Consequently, it gives me great distress to find that the Court seems, from my perspective at least, to prefer to ¡°shoot the messenger¡± rather than to give consideration to the ¡°message¡±. It gave, and its gives, me no pleasure to question the integrity of two senior officials with whom I have worked and/or known for many years. However, if two individuals voluntarily swear to protect their ¡°brothers¡±, and their fraternal secrets, upon pain of death and dismemberment; and an analysis of the audit evidence available casts material doubt on their, and other ¡°official¡± explanations offered to date; and evidence of masonic corruption in other fields of public life is well known and thoroughly documented; then I fail to understand why it must be unreasonable to assume it possible that such ¡°brotherly¡± oaths might take precedence over employees¡¯ normal duties of loyalty to their employer.

Furthermore, I was astonished to receive from OLAF a fax dated 9 August stating, ¡°Mr Michel Herve, Secretary General of the Court of Auditors, informed the European anti-fraud Office about your letter of 17/6/02¡±; and inviting me to contact OLAF in order to allow the Office to ¡°complete and assess these allegations¡±. Given that my letter of 17 June presents allegations of serious impropriety by OLAF, committed at the highest level; and given that the Court, as a sovereign institution under the Treaty, has responsibility for reporting on the sound management of OLAF; - I regret I find your decision to pass my letter to OLAF for further investigation to be incomprehensible.

With regard to your letter of 31 August, and its opening remark, ¡°You have not answered to my letter dated 2nd July 2002¡±: I observe that I did reply, on 8 July, before noon, as you had requested in your letter of 2 July. I hold a fax ¡°transmission record¡± which confirms the above, and confirms that your fax machine received the transmission ¡°OK¡±. Furthermore, a copy of my letter to you of 8 July was included in the fax which I sent to the President of the institution¡¯s Staff Committee on 9 July; which I asked be made available to all staff who requested access; and which I understand was submitted for your consideration.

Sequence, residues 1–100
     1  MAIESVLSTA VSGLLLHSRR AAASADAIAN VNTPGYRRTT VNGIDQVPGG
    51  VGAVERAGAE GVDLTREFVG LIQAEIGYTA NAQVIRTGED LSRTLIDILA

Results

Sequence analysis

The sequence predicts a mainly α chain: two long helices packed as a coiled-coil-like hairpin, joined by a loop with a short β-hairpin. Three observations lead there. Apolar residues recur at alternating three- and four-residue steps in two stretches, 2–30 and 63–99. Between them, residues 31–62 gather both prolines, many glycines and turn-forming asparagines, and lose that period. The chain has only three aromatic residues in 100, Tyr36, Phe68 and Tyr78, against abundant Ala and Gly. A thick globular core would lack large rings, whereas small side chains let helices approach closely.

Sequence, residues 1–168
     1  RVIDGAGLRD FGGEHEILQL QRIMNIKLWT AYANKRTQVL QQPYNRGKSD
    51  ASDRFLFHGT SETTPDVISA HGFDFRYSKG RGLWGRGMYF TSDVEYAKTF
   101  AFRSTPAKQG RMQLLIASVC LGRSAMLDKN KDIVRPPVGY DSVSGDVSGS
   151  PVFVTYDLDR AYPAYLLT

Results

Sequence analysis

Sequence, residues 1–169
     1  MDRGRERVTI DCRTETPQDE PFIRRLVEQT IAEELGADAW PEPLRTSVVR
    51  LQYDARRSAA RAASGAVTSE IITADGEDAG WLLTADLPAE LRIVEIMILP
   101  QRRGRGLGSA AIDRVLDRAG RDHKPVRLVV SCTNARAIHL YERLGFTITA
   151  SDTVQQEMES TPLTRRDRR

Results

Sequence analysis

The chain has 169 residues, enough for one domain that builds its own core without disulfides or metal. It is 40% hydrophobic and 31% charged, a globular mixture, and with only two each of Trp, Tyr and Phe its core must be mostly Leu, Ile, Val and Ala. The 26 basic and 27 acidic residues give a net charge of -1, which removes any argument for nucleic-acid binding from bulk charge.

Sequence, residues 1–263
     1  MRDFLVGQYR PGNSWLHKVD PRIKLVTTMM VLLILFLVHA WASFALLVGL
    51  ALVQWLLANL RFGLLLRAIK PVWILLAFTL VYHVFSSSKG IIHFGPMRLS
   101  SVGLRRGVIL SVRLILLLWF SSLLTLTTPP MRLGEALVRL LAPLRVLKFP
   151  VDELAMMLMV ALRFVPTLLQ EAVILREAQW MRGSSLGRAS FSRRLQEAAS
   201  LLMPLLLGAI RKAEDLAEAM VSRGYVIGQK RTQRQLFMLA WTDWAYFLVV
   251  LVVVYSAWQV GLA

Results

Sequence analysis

My fax of 8 July raised a number of queries with regard to your proposal to conduct a second medical examination on 23 August. I have waited patiently in the expectation of some response to my queries; to date, in vain. In view of the proximity of the proposed examination, I await your urgent response to the queries presented in my fax of 8 July.

In addition, I should be grateful if you would forward the following to me: the terms of reference for the employment by the Court/Commission Medical Service of Dr John Callender; an explanation for his selection by the Court/Commission Medical Service (i.e., selection methodology, criteria, etc.); and a copy of all information which has been provided to Dr Callender by the Court/Commission Medical Service.

R Dougal WATT
Auditor
20 August 2002
(on sick leave)

ANNEX

1. Concern for personal safety upon raising the ¡°Quatraro Case¡±